Cable Modems Off to Slow Retail Start

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Cable modems will continue their retail push in 1999, but
the move from consumer leasing to purchasing will be slowed by the lack of industry
standards.

Executives at the MSO, retail and manufacturer levels see
1999 as a year of transition, rather than as one of widespread retail deployment.

Cable-modem vendors and MSOs had planned to have DOCSIS
(Data Over Cable Service Interface Specification) standards finalized by last month's
Western Show, with hopes of selling the first interoperable modems by the end-of-year 1998
holidays.

But modem manufacturers face increasing demands from MSOs
and Cable Television Laboratories Inc. for more vigorous testing, according to Steve
Rasmussen, marketing director of Toshiba America Consumer Products.

"Without certification, there will be a reluctance
among cable operators to recommend the purchase of modems," Rasmussen added.

Wayne Surdam, director of marketing for the Cisco Networks
program at Cisco Systems Inc., agreed, saying that without standards, consumers could take
modems home from retailers and find that they don't work on proprietary infrastructure.

Once the standards are in place, MSOs will need to upgrade
their headends so that they're compatible with the DOCSIS modems. And they'll need to
continue to build out their two-way cable plant.

Cable modems will not roll out nationally, but on a
city-by-city basis, as cable operators upgrade their plant.

"It will be geographically specific -- even
neighborhood by neighborhood -- because there will be different cable companies
involved and different content companies, such as Road Runner and @Home [Network], from
one store to the next," said Rick Borinstein, senior vice president of merchandising
for RadioShack.

Borinstein said RadioShack is "definitely very
interested in bringing home connectivity in all of its forms to our customers." In
addition to cable modems, RadioShack plans to add digital-subscriber-line service, as well
as broadband access by satellite and even by power lines someday.

Sears Roebuck & Co. is looking at stocking cable
modems, but it hasn't made any commitments, said Chuck Cebuhar, its vice president and
general manager.

"We need to see consumer demand at retail,"
Cebuhar said, adding that it would be easier to gauge if the product were sold uniformly
market to market.

"Retailers have a limited amount of capital, and they
want to purchase products that are going to flow quickly through their distribution
channels," Rasmussen said.

Another factor holding up a quick retail rollout is the
negotiating process between retailers and MSOs. Retailers want a cut of the monthly
modem-service revenues, and cable operators want to hold onto as much as they can.

"Cable operators want retailers to just sell black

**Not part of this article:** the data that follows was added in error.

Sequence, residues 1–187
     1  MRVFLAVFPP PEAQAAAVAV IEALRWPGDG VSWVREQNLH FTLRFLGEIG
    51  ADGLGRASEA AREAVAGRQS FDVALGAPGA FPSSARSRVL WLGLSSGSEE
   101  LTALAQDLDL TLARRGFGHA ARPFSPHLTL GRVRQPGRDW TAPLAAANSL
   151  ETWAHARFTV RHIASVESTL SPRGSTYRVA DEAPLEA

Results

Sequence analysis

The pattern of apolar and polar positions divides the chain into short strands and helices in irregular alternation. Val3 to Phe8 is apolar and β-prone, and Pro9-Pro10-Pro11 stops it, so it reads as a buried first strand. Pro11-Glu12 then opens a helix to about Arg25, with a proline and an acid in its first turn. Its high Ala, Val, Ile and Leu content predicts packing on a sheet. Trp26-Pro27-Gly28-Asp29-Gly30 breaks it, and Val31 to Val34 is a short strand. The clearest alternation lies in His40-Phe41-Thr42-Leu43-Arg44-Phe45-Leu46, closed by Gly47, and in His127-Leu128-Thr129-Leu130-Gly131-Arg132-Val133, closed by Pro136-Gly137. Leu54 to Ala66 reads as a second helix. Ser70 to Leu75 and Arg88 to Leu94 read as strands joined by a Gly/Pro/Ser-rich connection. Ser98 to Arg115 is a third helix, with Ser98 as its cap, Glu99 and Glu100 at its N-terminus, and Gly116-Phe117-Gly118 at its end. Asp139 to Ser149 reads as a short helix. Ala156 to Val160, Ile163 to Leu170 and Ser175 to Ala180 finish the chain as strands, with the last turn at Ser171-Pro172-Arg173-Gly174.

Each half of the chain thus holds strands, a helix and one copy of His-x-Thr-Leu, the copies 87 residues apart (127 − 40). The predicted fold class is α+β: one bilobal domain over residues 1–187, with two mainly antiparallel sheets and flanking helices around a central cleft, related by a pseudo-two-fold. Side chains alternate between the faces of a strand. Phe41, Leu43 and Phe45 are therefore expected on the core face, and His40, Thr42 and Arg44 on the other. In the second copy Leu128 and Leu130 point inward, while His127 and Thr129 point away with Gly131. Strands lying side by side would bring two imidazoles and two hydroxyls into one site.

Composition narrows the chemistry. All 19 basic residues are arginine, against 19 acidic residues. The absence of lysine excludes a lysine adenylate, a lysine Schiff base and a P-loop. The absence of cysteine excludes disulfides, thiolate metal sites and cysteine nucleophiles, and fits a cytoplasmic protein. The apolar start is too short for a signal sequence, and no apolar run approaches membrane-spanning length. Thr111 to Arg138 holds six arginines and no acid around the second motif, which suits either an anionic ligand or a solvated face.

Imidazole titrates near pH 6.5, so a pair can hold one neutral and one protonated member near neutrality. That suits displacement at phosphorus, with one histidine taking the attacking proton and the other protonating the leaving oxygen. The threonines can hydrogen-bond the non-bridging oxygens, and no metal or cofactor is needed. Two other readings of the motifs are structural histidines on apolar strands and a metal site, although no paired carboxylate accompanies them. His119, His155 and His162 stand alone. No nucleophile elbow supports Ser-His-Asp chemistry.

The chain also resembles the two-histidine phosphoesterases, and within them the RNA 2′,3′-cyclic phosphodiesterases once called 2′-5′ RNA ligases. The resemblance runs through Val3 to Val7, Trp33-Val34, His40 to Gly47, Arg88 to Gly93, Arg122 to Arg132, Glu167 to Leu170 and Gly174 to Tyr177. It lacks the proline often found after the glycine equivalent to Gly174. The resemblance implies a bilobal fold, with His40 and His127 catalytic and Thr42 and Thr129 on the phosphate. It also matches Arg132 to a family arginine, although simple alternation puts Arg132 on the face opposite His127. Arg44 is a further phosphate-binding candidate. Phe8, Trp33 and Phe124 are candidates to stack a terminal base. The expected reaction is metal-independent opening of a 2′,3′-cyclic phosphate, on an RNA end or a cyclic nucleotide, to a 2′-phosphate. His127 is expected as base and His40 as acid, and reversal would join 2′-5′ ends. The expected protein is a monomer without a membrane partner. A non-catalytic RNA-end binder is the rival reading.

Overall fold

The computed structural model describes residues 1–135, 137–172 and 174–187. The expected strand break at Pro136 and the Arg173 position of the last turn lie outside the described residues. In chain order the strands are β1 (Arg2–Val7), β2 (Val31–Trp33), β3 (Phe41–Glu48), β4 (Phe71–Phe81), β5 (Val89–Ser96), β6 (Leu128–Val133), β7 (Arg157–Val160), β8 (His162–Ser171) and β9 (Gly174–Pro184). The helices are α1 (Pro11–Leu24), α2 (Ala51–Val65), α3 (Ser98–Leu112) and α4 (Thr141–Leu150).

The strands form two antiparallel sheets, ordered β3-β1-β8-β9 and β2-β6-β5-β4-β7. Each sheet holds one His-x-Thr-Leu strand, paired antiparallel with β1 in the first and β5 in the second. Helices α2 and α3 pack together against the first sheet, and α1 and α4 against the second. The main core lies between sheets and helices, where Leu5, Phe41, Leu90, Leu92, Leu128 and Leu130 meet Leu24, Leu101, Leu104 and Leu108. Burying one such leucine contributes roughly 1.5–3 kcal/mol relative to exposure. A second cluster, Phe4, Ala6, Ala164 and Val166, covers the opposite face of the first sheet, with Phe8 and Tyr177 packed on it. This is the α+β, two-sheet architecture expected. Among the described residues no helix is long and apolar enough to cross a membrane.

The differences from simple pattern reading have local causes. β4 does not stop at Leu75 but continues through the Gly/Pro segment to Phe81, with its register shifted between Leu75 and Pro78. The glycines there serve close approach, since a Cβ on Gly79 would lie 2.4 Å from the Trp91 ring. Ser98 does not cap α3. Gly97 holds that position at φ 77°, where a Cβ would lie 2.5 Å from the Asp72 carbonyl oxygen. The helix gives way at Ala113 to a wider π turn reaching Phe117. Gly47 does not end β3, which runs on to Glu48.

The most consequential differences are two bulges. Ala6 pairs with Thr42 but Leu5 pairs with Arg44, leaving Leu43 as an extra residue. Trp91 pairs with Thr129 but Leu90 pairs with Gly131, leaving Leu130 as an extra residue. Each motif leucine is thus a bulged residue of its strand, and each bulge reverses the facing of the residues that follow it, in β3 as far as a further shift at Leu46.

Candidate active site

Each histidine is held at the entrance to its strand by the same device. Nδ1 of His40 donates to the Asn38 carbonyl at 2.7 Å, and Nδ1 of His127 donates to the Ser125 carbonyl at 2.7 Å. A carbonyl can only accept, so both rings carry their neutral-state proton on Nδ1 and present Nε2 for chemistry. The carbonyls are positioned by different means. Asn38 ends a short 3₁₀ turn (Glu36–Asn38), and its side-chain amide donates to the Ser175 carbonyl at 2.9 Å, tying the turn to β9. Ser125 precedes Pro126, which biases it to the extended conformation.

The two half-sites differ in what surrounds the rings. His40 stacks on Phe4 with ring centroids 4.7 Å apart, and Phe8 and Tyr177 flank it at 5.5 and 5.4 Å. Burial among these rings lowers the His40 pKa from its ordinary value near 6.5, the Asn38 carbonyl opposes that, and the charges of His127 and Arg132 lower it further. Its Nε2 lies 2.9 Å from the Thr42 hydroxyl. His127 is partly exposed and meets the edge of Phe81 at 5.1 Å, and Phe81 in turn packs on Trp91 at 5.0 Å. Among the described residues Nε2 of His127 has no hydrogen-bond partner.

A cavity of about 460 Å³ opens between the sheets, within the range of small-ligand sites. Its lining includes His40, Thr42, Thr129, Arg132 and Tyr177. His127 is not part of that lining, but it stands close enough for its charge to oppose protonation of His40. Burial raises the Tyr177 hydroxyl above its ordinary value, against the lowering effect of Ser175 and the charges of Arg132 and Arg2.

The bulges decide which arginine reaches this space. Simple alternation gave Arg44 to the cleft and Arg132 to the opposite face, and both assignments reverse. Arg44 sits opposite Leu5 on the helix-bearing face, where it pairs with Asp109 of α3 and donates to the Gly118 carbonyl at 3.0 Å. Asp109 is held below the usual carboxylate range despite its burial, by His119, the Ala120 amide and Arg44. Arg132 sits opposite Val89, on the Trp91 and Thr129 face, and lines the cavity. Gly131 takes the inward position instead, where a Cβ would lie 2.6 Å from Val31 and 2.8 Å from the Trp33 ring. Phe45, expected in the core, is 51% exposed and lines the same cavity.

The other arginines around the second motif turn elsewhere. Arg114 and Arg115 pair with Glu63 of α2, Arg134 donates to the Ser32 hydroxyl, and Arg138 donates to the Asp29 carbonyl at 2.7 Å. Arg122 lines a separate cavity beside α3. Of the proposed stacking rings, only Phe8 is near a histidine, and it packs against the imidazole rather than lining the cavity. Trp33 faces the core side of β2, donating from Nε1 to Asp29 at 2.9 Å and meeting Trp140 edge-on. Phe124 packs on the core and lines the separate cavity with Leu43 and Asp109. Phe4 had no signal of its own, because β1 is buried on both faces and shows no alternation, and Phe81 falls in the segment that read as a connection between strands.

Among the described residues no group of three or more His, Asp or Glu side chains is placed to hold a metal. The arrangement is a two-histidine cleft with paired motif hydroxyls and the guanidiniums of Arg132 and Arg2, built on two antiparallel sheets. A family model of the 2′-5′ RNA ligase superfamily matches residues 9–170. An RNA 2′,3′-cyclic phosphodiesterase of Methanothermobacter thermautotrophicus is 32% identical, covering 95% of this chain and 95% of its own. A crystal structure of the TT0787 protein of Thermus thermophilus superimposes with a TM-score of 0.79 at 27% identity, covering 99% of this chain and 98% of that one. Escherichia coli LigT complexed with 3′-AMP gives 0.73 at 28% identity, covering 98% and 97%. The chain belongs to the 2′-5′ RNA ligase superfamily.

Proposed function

boxes," Borinstein said. "I can tell you that as a retailer, that's not
interesting to me."

Instead, RadioShack wants to share in the lifetime revenue
of the subscriber, "for the good of the Tandy [Corp.] shareholders," and because
cable-modem customers are likely to return to RadioShack if they have problems with their
service.

Some suggested, too, that operators might have to subsidize
part of the cable-modem hardware itself in the same way that retailers are compensated for
direct-broadcast satellite and cellular-phone products.

The challenge with splitting cable-modem-service revenues
is that they're fairly limited compared with other monthly subscriptions, and there are
more players looking for a cut, including the Internet-service provider.

But retailers do offer cable operators something in return
for a share in the revenues -- increased product visibility, consumer education, joint
marketing efforts and even help with service, support and installation.

There's also a move among equipment manufacturers to
promote self-installation so cable operators can save on the costs of truck rolls, which
eat into their profits.

As cable modems make their way to retail, a number of
brand-name consumer-electronics vendors are looking to enter the market. Manufacturers
such as Thomson Consumer Electronics, Samsung Telecommunications America Inc., Toshiba and
Zenith Network Systems believe that their strong brand names and existing relationships
with retailers can help to ease the move for cable operators as they go to retail.

Borinstein said the brand name on the cable modem is less
important than the service itself.

But others said having three strong brand names -- from
the cable operator, the ISP and the modem manufacturer -- can help to make consumers
comfortable enough to take the plunge.

Pricing will also help to drive cable-modem sales,
especially as the market moves past the early adopter stage. Several executives said that
once prices break below the $300 barrier, the industry will see increased sales.

Even though standards have not been adopted, and the
service is not yet widely available, a few retailers and cable operators across the
country have started limited retail tests. In Boston, MediaOne has worked with a number of
Circuit City Stores Inc. locations.

Dan Hillen, director of sales-channel development at
MediaOne, said he's learned that there is a demand for the service, and that some
consumers are willing to buy cable modems.

"We have a lot more to learn," Hillen said,
adding that the MSO plans to expand its tests to other markets this year.

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